Anyway, it was in the 1-2-3 shop that I got my first good look at a counterfeit bill detector. It looked like a large plastic glasses case or something, stuck half open. You run the bills through it, and the appropriate lights tell you if the bill is real or fake. Employees are supposed to check the money when they’ve got nothing else to do. They showed me fake 100’s, 50’s, 20’s, 10’s, and yes, even 5’s (that’s just over $0.50 US). Until that time I hadn’t realized how rampant counterfeiting is in China.
Last semester I was buying snacks at the on-campus grocery store. I handed the cashier a 50. She looked at it for a second and told me it was fake. I didn’t get it for a sec. You never really expect it to happen to you. She didn’t accept the money, but she let me keep it. (Some places are required to hold on to all counterfeit money that comes into their possession.)
I showed it to my friend who works at the Bank of China. She identified it easily and pointed out to me all the little telltale signs. She also told me a few stories about some of the ways people try to scam the bank. I asked her what I should do with the fake 50. “Well, if it was me,” she said, “I’d just spend it.”
I still have that 50. I’ve kept it as a little souvenir. It’s stuck to my fridge with a magnet.
Wednesday night I was at a coffee shop (OK, I’ll admit it — yes, it was Starbucks) with some friends. Wayne, one of my co-workers here at ZUCC, was late. When he SMSed that he would be arriving late he also mentioned that he had tried to use a 100 and been told it was fake. He was sure it came to him as a part of the pay for summer work teaching at Zhejiang University. When he arrived, we talked about it a little more and decided he should take it back to the people who paid him and exchange it. They also need to know their money source isn’t completely reliable.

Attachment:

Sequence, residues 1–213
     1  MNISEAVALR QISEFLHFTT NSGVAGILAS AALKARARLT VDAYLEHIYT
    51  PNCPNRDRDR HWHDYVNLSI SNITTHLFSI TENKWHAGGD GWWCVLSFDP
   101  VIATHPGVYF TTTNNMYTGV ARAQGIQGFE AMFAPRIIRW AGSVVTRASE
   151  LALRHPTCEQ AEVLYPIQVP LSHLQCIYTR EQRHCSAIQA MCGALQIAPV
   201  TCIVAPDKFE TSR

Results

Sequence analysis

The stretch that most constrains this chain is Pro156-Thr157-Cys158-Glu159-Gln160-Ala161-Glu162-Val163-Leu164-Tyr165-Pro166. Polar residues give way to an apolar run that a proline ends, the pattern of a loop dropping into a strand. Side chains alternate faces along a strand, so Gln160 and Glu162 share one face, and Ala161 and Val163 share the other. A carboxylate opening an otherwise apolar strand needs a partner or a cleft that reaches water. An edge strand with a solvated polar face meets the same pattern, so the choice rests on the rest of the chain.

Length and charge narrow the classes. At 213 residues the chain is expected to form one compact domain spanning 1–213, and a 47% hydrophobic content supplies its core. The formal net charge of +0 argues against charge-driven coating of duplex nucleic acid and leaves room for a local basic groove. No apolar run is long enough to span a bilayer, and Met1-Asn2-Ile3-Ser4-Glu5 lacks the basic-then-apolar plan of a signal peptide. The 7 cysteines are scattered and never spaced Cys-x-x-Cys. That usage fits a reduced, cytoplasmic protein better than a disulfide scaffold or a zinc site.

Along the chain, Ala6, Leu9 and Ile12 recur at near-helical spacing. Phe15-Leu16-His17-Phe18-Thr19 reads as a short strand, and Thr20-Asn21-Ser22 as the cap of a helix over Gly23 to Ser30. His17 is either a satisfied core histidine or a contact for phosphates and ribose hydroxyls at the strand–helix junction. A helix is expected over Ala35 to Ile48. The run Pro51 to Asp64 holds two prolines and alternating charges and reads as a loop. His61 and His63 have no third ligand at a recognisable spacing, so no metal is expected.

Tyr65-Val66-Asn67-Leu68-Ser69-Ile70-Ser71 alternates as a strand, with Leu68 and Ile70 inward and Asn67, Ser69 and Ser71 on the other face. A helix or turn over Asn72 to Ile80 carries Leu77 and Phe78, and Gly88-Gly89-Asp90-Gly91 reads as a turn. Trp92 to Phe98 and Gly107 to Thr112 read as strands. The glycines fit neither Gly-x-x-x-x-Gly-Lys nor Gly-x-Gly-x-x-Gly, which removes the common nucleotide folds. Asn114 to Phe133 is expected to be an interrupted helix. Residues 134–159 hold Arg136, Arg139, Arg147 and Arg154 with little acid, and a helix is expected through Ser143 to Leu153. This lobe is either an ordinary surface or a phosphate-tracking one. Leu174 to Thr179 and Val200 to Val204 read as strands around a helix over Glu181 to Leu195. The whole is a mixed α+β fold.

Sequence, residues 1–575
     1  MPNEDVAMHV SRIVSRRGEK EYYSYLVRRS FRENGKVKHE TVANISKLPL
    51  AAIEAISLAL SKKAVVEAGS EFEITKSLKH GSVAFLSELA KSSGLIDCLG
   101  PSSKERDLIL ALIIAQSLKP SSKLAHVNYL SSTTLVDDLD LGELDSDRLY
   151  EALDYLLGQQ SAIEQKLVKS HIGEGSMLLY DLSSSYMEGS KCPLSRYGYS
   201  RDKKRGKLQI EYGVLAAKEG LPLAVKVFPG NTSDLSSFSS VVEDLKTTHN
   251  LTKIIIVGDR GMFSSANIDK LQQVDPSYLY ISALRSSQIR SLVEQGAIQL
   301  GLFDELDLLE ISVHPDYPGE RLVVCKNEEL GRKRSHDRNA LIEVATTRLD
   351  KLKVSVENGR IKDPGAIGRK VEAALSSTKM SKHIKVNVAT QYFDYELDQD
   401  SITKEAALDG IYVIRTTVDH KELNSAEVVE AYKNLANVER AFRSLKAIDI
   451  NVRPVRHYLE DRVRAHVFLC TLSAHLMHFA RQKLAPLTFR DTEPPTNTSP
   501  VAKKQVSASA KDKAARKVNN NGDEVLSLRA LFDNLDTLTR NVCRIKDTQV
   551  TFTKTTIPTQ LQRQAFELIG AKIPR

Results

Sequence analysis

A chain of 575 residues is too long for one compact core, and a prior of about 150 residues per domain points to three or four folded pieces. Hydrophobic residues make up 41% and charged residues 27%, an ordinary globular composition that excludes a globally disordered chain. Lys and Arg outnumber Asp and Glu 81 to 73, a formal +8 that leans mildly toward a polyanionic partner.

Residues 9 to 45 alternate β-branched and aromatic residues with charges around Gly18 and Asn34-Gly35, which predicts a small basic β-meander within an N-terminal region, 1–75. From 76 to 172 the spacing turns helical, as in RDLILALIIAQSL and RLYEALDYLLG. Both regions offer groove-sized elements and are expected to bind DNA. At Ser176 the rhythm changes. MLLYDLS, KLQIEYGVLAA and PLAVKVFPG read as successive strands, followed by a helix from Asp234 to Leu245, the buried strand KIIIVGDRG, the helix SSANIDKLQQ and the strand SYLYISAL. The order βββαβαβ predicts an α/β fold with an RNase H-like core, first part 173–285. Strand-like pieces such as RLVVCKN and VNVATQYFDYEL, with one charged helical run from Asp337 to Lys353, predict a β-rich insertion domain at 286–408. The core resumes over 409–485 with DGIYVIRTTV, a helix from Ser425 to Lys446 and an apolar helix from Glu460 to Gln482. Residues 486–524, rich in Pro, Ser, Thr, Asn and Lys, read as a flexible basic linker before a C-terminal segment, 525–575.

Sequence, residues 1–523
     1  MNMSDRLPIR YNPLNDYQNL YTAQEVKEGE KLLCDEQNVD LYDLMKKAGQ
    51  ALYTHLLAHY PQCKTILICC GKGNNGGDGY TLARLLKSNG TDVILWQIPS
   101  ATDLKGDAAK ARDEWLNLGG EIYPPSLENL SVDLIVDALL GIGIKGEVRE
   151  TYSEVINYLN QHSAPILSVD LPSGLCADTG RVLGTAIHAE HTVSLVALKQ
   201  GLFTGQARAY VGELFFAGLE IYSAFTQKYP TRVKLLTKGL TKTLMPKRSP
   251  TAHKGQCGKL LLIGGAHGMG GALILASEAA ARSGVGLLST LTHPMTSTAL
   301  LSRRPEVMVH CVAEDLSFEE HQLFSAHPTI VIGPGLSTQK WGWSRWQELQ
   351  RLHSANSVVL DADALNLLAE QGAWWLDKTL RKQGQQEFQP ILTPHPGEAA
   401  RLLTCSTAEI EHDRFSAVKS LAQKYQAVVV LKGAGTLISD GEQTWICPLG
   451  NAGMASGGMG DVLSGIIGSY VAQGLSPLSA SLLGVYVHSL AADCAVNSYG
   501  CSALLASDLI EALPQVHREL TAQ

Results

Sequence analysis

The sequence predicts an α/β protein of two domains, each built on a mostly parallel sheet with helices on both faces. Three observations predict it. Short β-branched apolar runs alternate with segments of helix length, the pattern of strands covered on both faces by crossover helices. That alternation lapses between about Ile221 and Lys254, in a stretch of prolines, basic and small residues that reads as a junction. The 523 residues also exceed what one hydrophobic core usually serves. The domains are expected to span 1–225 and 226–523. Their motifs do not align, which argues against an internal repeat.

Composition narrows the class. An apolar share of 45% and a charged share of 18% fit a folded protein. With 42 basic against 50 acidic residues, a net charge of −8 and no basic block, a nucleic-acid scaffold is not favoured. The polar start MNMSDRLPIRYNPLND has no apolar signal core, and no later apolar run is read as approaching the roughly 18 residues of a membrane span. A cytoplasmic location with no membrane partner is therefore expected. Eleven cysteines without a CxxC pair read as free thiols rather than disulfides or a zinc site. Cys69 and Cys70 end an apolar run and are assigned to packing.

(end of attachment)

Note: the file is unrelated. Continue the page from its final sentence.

We later ended up eating at a dim sum place. When the bill came around, Wayne suddenly asked, “should I try to use the fake 100?” Knowing that Wayne is not always the most decisive guy in the world, I seized the moment for a little nugget of excitement. “Yeah, do it, Wayne!” I encouraged him. (It is, after all, what any ordinary Chinese person does when he gets counterfeit money.)
Feeling a little nervous, Wayne did it. We were soon on our way out, Wayne leading the way. It wasn’t until our group was just out the restaurant doors that I noticed Wayne was a little bit ahead of everyone else. He was already clear across the parking lot, rounding the corner to the street. “What is Wayne doing?” we all wondered.
When we made it to the street, we saw that the gap had widened further, as Wayne had made rapid progress down Yan’an Road in the time that it took us to get across the parking lot.
“Hey Wayne!” I yelled to him. “What’s the rush? Wait up!” He did, although clearly not without a little anxiety.
Wayne was indeed doing his best to flee the scene of the crime. He kept expecting the restaurant staff to come flying around the corner at any second. The funny thing was that I had been on a long walk down that very road the day before, and Wayne had refused to exceed a “leisurely” pace. What’s more, when Wayne was already halfway down the restaurant stairs, I watched the cashier put the hundred away without a second glance. But here was Wayne, trying his best for a compromise between a mad dash and an unconcerned stroll.
We kept joking with him about hearing the search dogs catching up, but he wasn’t fully relaxed until we walked down the block, turned the corner, and got in a cab. Even then, were we really safe…?
I guess there are still those that get excited about it, but counterfeit money is really common here. So is spending it.